ARDIFF’S pretty arcades, winding across the city, are among its most beautiful assets.
Snaking around a capital so saturated with big names, they are a welcome haven for many independent retailers, coffee shops, and eateries.
Popular cafe The Plan, which splits Morgan Arcade in two near its exit onto The Hayes, is a mainstay of the city’s cafe culture that has withstood the influx of so many coffee shops within the last year or two.
Perhaps that’s in part because it’s more than a coffee shop – during my previous visits here I’ve stopped with a group for an afternoon tipple and sampled a delightful ale but also dropped by for a quick breakfast.
It passed those tests well, more than justifying a return visit to sample the full menu, which includes not just the expected salads (£7.75), sandwiches, baguettes, toasties (£6.15£6.75) and jacket potatoes (between £6.55 and an eye-popping £7.95) but also a string of equally aggressively priced main meals.
There are homemade soups of the day too (£6.05), with both leek and potato and a highly tempting roasted red pepper with tomato and feta on offer during our visit.
As well as all this there are a string of quiches (£9.20) on offer each day too – bacon and brie, red pepper and brie, and salmon and asparagus were the options during our weekday visit.
Having started 2017 by being voted into UK’s top 25 coffee shops by the Sunday Times there’s a tangible yet understated confidence within The Plan, with the warm and diligent staff helpful without being overbearing and the atmosphere as a whole lively but not trying too hard.
We supped a creamy chocolate milkshake (£3.70) – light and lacking in the sugary gloopiness which often makes it a meal in itself – and a large mocha (£3.05) that prompted lavish praise for its balance of rich coffee lightened with chocolate rather than overwhelmed by it – as we awaited our food.
When it arrived it certainly looked the part – fresh and vivid, the turnaround time from a clearly busy kitchen was impressive.
I’d been tempted by the stuffed red peppers with cous cous, pine nuts, goats cheese and herbs, served with pitta bread and hummus (£8.70), which also had a salad garnish of mixed leaves and sliced red onion as well as olives, cucumber, cherry tomato and a balsamic vinegar dressing.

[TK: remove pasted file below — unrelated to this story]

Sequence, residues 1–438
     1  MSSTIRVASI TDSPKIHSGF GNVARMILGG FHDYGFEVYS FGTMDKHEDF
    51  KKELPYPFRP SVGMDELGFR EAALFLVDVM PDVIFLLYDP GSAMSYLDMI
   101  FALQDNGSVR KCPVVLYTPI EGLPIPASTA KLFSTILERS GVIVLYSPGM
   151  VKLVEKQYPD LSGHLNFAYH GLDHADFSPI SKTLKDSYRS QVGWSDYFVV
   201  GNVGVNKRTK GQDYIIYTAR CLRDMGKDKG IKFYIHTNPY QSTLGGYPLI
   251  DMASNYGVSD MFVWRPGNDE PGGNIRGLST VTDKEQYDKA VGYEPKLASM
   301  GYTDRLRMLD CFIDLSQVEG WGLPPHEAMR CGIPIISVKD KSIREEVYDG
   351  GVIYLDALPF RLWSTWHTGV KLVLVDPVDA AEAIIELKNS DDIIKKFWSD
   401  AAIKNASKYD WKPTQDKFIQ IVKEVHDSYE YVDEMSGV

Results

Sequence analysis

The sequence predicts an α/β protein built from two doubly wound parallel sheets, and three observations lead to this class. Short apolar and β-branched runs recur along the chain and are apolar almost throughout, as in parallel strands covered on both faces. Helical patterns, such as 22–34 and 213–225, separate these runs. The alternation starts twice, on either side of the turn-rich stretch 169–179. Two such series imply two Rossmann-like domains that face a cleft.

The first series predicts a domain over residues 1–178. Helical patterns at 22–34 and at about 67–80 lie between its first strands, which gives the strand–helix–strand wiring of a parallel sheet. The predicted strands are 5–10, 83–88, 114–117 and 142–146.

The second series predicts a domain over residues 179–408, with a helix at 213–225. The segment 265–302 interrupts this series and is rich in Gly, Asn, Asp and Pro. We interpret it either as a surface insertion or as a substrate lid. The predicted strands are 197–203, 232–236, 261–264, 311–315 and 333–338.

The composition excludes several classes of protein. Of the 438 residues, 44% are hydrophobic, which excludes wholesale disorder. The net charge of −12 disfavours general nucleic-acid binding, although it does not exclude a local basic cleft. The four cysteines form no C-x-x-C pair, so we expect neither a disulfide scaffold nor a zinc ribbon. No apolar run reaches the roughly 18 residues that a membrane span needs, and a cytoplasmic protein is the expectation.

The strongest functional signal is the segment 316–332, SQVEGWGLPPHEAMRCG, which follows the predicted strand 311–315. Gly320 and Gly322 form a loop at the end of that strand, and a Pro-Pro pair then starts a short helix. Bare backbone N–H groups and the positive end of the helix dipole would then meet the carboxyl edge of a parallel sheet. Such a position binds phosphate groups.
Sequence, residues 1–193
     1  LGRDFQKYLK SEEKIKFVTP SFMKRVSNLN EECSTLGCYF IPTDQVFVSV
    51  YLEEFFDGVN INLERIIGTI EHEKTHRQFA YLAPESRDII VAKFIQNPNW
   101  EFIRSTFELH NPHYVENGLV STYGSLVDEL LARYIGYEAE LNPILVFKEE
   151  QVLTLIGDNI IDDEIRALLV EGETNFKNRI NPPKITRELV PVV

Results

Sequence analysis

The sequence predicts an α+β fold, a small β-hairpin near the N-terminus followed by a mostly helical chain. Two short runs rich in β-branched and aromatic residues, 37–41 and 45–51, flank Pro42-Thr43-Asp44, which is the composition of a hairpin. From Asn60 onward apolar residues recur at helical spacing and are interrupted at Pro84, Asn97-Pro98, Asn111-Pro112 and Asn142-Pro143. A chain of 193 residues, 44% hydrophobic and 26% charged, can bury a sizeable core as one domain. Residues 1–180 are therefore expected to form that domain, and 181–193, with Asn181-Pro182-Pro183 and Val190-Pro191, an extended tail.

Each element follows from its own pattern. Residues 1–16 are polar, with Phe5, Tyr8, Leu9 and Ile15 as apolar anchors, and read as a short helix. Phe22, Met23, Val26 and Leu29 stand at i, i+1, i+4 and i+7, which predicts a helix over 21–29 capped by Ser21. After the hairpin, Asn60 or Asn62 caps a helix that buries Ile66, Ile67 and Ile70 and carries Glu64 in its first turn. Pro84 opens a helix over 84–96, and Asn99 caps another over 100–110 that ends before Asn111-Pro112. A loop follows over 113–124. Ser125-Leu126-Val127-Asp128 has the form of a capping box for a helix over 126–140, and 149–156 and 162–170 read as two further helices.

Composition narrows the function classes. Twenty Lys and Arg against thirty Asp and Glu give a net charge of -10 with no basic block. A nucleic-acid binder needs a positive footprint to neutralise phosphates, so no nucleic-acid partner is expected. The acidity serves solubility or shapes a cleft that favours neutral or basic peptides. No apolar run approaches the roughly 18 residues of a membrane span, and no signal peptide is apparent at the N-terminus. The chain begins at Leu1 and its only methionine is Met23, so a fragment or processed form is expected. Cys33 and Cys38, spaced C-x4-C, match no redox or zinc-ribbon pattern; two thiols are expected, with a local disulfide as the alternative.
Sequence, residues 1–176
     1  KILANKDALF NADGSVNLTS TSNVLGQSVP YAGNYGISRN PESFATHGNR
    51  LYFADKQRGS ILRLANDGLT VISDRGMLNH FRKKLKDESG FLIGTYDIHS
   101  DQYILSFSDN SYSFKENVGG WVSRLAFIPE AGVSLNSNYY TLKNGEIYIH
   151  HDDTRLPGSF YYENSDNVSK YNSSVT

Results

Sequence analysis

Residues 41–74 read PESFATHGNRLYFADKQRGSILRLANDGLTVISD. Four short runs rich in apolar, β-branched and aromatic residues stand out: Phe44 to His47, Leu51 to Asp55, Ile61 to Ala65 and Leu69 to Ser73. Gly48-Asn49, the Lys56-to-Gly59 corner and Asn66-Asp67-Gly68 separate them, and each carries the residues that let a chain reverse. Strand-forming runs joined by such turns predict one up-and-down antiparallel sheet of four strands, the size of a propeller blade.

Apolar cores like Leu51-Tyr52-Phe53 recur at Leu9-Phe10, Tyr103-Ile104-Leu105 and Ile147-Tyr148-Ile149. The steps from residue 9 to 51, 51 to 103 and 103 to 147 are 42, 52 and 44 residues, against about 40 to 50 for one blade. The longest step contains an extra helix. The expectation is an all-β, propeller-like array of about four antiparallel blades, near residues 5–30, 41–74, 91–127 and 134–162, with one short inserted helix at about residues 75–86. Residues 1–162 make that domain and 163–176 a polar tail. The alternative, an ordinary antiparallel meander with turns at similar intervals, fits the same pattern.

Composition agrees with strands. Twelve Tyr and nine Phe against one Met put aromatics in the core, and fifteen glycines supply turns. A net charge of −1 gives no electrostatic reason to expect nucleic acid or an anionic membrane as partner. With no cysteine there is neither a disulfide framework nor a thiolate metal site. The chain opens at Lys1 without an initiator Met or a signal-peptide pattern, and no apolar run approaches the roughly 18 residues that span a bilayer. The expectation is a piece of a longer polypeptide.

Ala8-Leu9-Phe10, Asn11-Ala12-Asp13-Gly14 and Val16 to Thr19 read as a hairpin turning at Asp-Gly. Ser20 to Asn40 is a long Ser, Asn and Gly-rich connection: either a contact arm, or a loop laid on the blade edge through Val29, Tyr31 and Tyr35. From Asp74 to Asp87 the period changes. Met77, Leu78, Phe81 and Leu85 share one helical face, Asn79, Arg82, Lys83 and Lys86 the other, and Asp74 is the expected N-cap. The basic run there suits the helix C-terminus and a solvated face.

Unfortunately the whole dish felt a little on the soggy side, with the inexplicably plain cous cous (even just a touch of lemon would have brought it to life) still highly watery and only entrenching the sponginess of the pepper itself.
I couldn’t track down any pine nuts, which would have provided some richness and much-needed additional texture, with only slices of tomato (not helping out with the watery feel of the dish) and red onion (already in the salad) discernible in the stuffing. The subtle and chalky goats cheese had been gently seasoned and brought a little welcome inspiration to a slightly insipid dish, with the warm slices of wholemeal pitta and citrus notes within the hummus adding a further degree of differentiation.
My partner’s salmon and asparagus quiche was more deserving of the ‘main meal’ tag and a thick wedge of cheese-topped quiche didn’t spare the chunky fillet of fish, even if the asparagus was on the frugal side and had become over-moistened.
The crust was light and noticeably fresh – even if there was a famed Bake Off-style soggy bottom – while the delicious sautéed potatoes broke free of a crispy and lightly seasoned shell to melt away in the middle. While the quiche was the more impressive of the two dishes both felt on the expensive side and neither left us anything resembling full to popping.
We rounded off our visit with dessert and options included everything from tea cakes (£1.95) and scones (£2.05 for one) to homemade pancakes (£4.45) and a range of locallymade cakes. The source of my chocolate muffin, served with chocolate sauce and ice cream (£4.15), wasn’t clear – it wasn’t listed as homemade so is perhaps bought in.
Either way it was disappointingly bland and fairly indistinguishable from many out-of-the packet high street offerings, while the syrupy chocolate sauce didn’t make much of an impact. It looked huge – plenty of the creamy vanilla ice cream saw to that – but again this felt expensive for what it was.
My partner’s courgette and lime cake (£3.65 – red velvet and carrot were the other daily options available) elicited more compliments for its flavours, which were undoubtedly more forthcoming, though the consistency was very much on the dense side.
The Plan does coffee well – and that should be the critical watermark by which it is judged – but its food doesn’t quite live up to those lofty standards.
The Plan, 28-29 Morgan Arcade, Cardiff, CF10 1AF. Call 029 2039 8764 or visit theplancafecardiff. co.uk